Tucked away at Lainz Nature Reserve in the West of Vienna, romantic 19th-century Hermes Villa is a desire made of brick and mortar: Sissy’s husband built it in the 1880s to persuade Empress Sissi to spend more time in Vienna. Sissi referred to it as her ‘palace of dreams’ and ‘Titania’s magic castle’. Each year in the late spring the Imperial couple would spend a few weeks there. By the way, the mansion’s architect is none other than Ringstrasse top builder Carl Hasenauer.
Essentially, Hermesvilla is filled with fine 19th century art, including Gustav Klimt, but also baroque pompous pieces such as Sisi’s and Franz Joseph’s bed. (Since she disliked the bed Sissi reportedly slept on a mattress on the floor.) Overall, the villa makes a perfect destination to explore a more private Imperial lifestyle – it is VERY different from Hofburg and Schönbrunn. Find out what else to see and how to get there in Hermesvilla Vienna.
Sisi’s Favourite Sweets
Despite Empress Sissi’s strict diet she was crazy for candied violets and violet ice cream. Imperial court supplier and patisserie Demel right opposite Hofburg Palace delivered it regularly to her, while Francis Joseph would order Krapfen (donuts) from Demel for his mistress Katharina Schratt. Today, Demel has just moved a few meters up to Kohlmarkt no. 14, where you can still try Sissi’s violet ice cream and sugared violets. Read more about Vienna’s most famous cake shop in Demel Vienna.
Empress Sisi Jewelry
An invisible string of diamond stars glittering in a soft crown of hazelnut hair: Do you recall Empress Sissi’s famous portrait by Franz Xaver Winterhalter? (If not just scroll up.) On top of Elizabeth of Hungary’s dazzling beauty it also showcases the country’s most famous jewellery.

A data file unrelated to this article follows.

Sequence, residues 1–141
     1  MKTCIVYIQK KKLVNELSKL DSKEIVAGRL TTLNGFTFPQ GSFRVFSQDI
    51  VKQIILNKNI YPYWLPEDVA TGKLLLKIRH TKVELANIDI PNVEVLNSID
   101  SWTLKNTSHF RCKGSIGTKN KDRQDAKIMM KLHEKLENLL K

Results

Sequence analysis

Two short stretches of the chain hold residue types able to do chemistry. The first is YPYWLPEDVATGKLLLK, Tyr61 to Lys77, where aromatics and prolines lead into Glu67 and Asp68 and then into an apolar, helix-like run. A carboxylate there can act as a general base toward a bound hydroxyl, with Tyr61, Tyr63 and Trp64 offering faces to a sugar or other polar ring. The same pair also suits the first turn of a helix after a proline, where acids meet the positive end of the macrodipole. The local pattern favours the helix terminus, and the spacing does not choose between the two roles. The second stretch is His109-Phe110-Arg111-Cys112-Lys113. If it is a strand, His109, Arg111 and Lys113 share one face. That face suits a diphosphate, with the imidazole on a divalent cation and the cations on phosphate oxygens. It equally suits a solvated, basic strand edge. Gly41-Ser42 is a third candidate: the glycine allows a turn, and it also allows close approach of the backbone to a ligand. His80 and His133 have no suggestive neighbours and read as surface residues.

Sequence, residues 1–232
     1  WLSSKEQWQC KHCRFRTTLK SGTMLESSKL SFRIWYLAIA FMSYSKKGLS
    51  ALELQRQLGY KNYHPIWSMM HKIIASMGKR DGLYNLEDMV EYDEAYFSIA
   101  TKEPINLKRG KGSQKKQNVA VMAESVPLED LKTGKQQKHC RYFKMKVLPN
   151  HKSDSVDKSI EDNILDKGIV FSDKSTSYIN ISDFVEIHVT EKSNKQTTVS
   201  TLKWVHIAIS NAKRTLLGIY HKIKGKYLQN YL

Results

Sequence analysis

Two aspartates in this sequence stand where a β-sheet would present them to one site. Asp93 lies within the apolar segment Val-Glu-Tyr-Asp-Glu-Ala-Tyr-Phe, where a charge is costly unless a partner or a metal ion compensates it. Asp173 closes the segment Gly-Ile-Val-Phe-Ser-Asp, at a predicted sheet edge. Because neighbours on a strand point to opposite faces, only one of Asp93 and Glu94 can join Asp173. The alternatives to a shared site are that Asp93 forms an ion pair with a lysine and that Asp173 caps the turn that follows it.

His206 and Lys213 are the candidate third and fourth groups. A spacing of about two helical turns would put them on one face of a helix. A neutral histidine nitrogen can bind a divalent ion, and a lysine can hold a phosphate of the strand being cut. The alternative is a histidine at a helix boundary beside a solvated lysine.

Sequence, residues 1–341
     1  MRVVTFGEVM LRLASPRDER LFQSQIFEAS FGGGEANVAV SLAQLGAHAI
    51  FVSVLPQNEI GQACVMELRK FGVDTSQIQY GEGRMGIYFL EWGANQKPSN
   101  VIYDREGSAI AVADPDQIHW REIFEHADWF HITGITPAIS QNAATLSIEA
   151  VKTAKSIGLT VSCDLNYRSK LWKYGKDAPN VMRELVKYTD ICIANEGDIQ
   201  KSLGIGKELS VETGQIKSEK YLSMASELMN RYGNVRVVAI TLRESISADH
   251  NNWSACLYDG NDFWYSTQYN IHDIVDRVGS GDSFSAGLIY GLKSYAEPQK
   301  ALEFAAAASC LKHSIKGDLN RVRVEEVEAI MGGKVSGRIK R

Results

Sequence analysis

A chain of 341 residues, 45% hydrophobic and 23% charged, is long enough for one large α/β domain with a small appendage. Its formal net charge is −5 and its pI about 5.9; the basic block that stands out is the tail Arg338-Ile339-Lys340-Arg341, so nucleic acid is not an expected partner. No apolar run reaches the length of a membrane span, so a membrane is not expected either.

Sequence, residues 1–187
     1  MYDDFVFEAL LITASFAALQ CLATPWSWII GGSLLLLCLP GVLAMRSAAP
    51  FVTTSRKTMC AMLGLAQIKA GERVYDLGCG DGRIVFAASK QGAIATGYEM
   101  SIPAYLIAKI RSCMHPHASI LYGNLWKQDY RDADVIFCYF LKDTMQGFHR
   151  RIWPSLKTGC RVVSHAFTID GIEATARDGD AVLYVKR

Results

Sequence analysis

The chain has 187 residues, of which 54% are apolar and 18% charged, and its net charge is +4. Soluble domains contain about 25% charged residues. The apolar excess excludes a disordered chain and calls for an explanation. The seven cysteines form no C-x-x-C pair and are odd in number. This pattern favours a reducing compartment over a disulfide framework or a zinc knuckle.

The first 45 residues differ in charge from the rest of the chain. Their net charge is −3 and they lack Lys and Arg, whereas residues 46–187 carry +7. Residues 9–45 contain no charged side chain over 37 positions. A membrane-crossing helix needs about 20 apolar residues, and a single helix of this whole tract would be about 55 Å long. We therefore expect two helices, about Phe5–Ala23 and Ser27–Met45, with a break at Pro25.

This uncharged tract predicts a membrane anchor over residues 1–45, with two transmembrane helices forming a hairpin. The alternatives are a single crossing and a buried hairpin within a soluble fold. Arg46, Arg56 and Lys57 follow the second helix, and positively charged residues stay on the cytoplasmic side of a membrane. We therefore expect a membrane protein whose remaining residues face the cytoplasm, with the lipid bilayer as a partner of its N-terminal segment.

Die-hard fans of Sissi of Austria can get the 3,10 ct diamond stars at its original designer and vendor – former Imperial court supplier and jeweller Köchert. For more information go to Austrian jewelry. If you’d like to spend less than EUR 13,800 per star, you can bag for example a pair of star earrings with Swarovski crystals for EUR 20 at Schönbrunn’s or Hofburg’s museum shop.
Other Nearby Sisi Sites To Visit
Augustinian Church: The Habsburgs’ family church in the city center where Francis Joseph and Sisi married in 1854. Address: Augusinterstrasse 3;
Sisi Chapel: The neogothic chapel was built by early Sissy fan and tobacconist Johann Carl Freiherr von Sothen. The renovated chapel in the Vienna Woods is nice but doesn’t include any major references to Sissi any more. Address: Am Himmel, Himmelstrasse 125, 1190 Vienna;
Laxenburg Castle: At the 700-year old charming country castle in the South East of Vienna Sissi and Francis Joseph’s spent their honeymoon. Francis Joseph had spent many childhood summers there with his siblings. Later on Sissi gave birth to her second daughter Gisela at Laxenburg. Definitely the castle and gardens make for a great romantic or family day out of Vienna.
Mayerling Hunting Lodge: Though not a Sissi location, Mayerling in the Vienna Woods is closely related to her fate as her son Rudolph killed his girl friend Mary Vetsery and then committed suicide there in 1889. Now, Mayerling is a Carmelite convent, with a chapel right on the location of Rudolph’s bedroom. If you are really into the Mayerling myths and tragedy the castle and carefully done exhibition rooms are worth a visit. Address: Karmel Mayerling, Mayerling 3, 2534 Alland;